Our project involved designing and printing multiple 3D printed parts. Since we wanted to build a spectrometer, designing it ourselves gave us a lot of flexibility on how we could use it.
Here we attach the protocol we used and a PDF of the same to design the ‘Cuvette holder’ and ‘Grating Lens Mount’.
3D printing is a revolutionary and convenient technology for the production of complex structures that are difficult to construct by hand. The reliability of the process has increased rapidly in the past, to the extent, that it is now used as an industrial production tool too. We decided to leverage the advantages of 3D printing for the construction of our spectrometer too. The workflow is detailed in the sections that follow.
This involves creating a 3D CAD(Computer-Aided Design) model. Various software is available for this- AutoCAD, Solidworks, TinkerCAD, etc. We did our designing in Solidworks. The spectrometer consists of the following parts:-
Cuvette holder → It’s used for holding the cuvette containing the sample.
Grating lens mount→ It’s used as a mount for the grating and the lens.
• Slit mount→
- Smartphone mount
Once the design is ready, it is saved in a format determined by the software used. Solidworks saves the file in ‘SLDPRT’(solid part) format. An ‘STL’ file can be exported for slicing later.
Slicing involves the conversion of the ‘stl’ file into a ‘gcode’, a standard language for most 3D printers. ‘FlashPrint’ and ‘Ultimaker Cura’ are some common software used for slicing. Important precautions during slicing include:-
• The model orientation should be kept such that a minimum amount of support is printed.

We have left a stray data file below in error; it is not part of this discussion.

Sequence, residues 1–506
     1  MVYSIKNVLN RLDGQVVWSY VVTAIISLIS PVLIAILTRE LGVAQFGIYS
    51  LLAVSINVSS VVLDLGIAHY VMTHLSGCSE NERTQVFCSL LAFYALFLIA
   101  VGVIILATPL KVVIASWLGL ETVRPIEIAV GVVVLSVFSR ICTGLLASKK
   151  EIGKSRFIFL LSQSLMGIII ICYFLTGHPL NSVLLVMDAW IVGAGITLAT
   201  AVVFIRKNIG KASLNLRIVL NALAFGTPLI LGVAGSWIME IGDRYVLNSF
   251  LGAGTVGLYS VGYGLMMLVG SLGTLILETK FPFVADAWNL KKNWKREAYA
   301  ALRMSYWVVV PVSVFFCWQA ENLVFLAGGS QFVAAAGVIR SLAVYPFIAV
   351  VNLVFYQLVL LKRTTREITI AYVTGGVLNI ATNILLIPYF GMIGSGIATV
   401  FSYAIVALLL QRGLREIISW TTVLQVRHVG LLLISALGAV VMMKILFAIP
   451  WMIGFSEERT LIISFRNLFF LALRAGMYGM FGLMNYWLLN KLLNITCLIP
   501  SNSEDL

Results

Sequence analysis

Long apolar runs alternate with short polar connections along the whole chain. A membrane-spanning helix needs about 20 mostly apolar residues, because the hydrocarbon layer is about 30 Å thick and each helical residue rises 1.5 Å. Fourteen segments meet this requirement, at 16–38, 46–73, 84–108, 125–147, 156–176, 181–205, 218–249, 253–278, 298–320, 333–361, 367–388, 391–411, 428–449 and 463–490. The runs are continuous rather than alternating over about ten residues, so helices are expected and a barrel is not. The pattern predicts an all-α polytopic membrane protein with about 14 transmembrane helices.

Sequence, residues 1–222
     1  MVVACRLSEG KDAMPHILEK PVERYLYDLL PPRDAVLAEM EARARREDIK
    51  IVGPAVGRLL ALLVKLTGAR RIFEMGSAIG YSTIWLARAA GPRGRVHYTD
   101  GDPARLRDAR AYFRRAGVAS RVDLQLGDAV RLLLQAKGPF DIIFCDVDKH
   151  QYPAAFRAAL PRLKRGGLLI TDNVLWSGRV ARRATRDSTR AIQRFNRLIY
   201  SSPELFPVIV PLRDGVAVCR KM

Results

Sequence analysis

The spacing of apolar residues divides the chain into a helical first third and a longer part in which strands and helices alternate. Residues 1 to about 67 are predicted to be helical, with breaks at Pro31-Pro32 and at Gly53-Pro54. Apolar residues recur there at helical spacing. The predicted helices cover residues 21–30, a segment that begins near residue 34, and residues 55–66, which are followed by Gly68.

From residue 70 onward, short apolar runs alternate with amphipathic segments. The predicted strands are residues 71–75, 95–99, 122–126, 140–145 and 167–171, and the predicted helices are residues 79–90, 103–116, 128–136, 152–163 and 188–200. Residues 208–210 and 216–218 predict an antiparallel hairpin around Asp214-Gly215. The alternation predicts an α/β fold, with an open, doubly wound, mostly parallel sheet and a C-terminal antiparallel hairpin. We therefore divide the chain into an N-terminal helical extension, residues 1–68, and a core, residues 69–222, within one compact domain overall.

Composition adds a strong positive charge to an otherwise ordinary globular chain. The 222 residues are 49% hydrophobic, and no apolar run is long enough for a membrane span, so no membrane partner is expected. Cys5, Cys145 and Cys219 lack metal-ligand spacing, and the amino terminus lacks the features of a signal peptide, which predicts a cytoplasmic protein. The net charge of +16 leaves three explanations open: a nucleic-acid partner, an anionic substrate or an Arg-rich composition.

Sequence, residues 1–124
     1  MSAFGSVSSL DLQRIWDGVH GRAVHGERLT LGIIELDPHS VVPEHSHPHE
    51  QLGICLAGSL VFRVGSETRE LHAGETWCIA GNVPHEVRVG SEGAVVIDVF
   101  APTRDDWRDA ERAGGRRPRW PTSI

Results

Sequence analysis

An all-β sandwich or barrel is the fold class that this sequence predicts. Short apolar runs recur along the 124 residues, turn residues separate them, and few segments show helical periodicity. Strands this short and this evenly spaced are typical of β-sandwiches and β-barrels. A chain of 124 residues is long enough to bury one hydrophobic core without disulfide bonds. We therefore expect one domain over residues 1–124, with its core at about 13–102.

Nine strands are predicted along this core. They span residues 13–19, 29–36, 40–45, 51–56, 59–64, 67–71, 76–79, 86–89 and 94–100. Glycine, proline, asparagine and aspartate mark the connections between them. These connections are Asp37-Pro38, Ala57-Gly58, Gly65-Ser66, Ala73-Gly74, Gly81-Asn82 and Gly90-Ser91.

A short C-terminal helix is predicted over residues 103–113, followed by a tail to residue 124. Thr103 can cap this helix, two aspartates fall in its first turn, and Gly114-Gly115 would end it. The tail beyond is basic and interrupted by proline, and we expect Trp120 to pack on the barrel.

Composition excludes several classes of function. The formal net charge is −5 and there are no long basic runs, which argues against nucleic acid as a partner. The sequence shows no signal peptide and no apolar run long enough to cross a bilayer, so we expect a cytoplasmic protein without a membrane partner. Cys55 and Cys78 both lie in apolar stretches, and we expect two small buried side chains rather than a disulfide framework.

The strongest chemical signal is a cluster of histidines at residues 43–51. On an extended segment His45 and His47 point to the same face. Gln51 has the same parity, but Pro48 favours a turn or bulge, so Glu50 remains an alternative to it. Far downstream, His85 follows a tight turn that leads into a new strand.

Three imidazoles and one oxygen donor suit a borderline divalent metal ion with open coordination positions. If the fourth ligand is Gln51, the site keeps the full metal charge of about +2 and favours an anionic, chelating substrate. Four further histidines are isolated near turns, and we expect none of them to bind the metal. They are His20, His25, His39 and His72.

• The model should lie flat on the base.
The slicing parameters we used are as follows:-
Infill Density: It’s the density of the filament to be used for printing. For larger models, one can decrease the infill density to save filament. In general, an infill density of 15% is good enough.
Support Infill Density: It is one of the most important parameters. Some- times the model can be complicated and delicate and need support. In these cases, it can become difficult to remove the printed support. So we may decrease the support infill density so that removal of support after the print is easier.
This is the final part of our workflow. Once the ‘gcode’ has been obtained, it can be fed into a 3D printer either using an SD card, via a direct connection to a computer, or over a network.
2.4 Pitfalls we faced
- Sometimes, the base may get detached from the printing bed. It can happen due to the large size of a model, bad quality of the bed, or low temperature of the bed.
- Sometimes the filament gets brittle. So while printing, the filament stops coming out from the extruder. In this case, we have to clean the nozzle and reload the filament.
- Sometimes the filament may get stuck in the spool and break. In that case, we have to reload the filament and restart the print.
stl and SLDPRT files